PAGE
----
12. An arrangement accordingly to claim 11 wherein the rotatable current contact is associated with an air bag device.
Description
FIELD OF THE INVENTION

The invention concerns an arrangement for electrically connecting a rotatable current consumer or contact to a stationary voltage, current or signal source, having an insulated electric line which extends between the current consumer or contact on the one side and the voltage, current or signal source on the other side and which is coiled around the rotary shaft member.

BACKGROUND OF THE INVENTION

A typical use for such an arrangement is the connection of an air bag which is disposed in a steering wheel, to a voltage source which is arranged stationarily in the bodywork. Horn and possibly still other contact devices for example headlamps etc. are also disposed in the steering wheel. The problem which has to be solved in terms of electrical connection of the air bag disposed in the steering wheel arises out of a rotary movement of the steering wheel. Most steering systems are so designed that the steering wheel can be turned towards the left or towards the right, from a central position. Steering lock generally involves two and a half revolutions in each direction. That means it is not possible for the air bag to be connected by way of a normally laid electric line. Even if it were laid loosely, such a line would in the long term not withstand the rotary movements of the steering wheel and the increase and reduction in length of the line resulting therefrom, and the line would suffer damage and tear. Making the connection by way of slip rings and slip ring contact has also not proved successful in the long term. After a given period of time, such connections involving the use of slip rings and slip ring contacts have frequently failed. The gas generator which is used for inflation of the air bag must be fired in fractions of a second, with a high degree of certainty. Slip rings and slip ring contacts do not afford that certainty. In order to obviate those difficulties, in the state of the art the solution now adopted has been that of connecting the air bag by way of a spiral spring. In regard to its external shape the spiral spring is comparable to the spring of the mechanism of a mechanical clock or watch. Strictly speaking, the spiral spring involves a flat-ribbon flat-conductor cable which is wound in the form of the spiral spring, comprising a plurality of mutually insulated conductors. Such flat-ribbon flat-conductor cables are commercially available in numerous different design configurations. Basically they involve two or more copper conductors of rectangular cross-section, which are enclosed between two plastic strips. They form the sheath or the insulation. In general, the plastic material used for that purpose is comparatively hard. When the steering wheel is turned in one direction or the other, the spiral spring or the flat-ribbon flat-conductor cable is wound up or unwound. When that happens its diameter decreases or increases. The spiral spring is disposed with some clearance in a housing which is mounted under the steering wheel. By virtue of that clearance and the comparatively hard plastic material for the insulation of the flat-ribbon flat-conductor cable, noises occur both upon rotary movement of the parts of the housing and also when vibration and shaking effects occur. Such noises are perceived as troublesome in the case of high-quality vehicles. Therefore sound-proofing foils have been fitted into the housings in order to suppress such noises. It should further be mentioned that a spiral spring is comparatively large in the radial direction. As a consequence the housing which accommodates the spring is also of a large diameter. Such housings can only be disposed under the steering wheel. That results in the spiral spring being positioned under the steering wheel, as already mentioned above.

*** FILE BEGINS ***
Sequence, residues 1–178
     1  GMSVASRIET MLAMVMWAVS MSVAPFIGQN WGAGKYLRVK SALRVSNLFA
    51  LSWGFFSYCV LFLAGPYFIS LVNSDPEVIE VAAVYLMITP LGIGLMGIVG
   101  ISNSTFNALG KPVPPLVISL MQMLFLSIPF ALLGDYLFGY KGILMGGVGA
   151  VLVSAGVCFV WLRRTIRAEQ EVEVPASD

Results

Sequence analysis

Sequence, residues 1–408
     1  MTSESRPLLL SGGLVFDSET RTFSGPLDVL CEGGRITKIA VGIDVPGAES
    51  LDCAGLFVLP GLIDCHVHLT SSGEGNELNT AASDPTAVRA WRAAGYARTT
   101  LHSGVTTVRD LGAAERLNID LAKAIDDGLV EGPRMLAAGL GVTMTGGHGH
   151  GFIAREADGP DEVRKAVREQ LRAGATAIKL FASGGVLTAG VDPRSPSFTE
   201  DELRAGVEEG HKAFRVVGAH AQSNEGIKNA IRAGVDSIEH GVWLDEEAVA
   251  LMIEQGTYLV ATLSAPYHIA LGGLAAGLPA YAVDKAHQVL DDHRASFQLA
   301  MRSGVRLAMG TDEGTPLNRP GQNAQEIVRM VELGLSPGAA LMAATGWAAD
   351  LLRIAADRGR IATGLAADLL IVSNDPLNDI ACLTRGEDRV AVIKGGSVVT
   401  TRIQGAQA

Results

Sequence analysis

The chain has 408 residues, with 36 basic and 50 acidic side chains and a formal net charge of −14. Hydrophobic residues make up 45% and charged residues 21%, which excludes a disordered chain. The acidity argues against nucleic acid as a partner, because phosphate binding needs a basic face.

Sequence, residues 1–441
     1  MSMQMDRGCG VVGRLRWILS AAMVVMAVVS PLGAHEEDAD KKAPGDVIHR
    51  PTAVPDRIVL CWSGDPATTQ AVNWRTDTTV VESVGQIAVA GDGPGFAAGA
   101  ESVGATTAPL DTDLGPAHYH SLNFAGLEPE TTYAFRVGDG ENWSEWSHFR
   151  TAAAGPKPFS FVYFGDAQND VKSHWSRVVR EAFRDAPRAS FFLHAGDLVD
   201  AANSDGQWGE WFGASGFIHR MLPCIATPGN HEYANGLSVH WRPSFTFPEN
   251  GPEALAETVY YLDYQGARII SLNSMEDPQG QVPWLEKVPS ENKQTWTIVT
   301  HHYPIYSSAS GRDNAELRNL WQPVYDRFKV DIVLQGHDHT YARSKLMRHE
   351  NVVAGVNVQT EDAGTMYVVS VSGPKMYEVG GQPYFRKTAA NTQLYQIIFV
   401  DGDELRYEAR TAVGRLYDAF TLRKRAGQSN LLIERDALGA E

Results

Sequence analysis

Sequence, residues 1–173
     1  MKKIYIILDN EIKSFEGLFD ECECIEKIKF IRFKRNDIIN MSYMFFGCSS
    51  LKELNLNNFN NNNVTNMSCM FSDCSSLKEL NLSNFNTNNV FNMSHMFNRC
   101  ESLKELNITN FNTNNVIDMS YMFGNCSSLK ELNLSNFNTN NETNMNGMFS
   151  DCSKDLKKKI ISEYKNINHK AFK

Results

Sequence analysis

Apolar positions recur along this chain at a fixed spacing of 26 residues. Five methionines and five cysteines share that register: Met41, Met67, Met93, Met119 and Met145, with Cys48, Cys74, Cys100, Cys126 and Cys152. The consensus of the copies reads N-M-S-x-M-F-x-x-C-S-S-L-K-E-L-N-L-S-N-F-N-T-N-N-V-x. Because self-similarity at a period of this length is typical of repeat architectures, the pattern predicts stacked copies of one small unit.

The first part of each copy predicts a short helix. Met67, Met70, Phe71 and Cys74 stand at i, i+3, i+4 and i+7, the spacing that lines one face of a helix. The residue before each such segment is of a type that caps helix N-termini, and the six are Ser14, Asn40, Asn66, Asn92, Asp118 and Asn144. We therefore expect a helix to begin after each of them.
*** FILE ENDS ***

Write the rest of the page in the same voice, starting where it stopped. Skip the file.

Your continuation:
SUMMARY OF THE INVENTION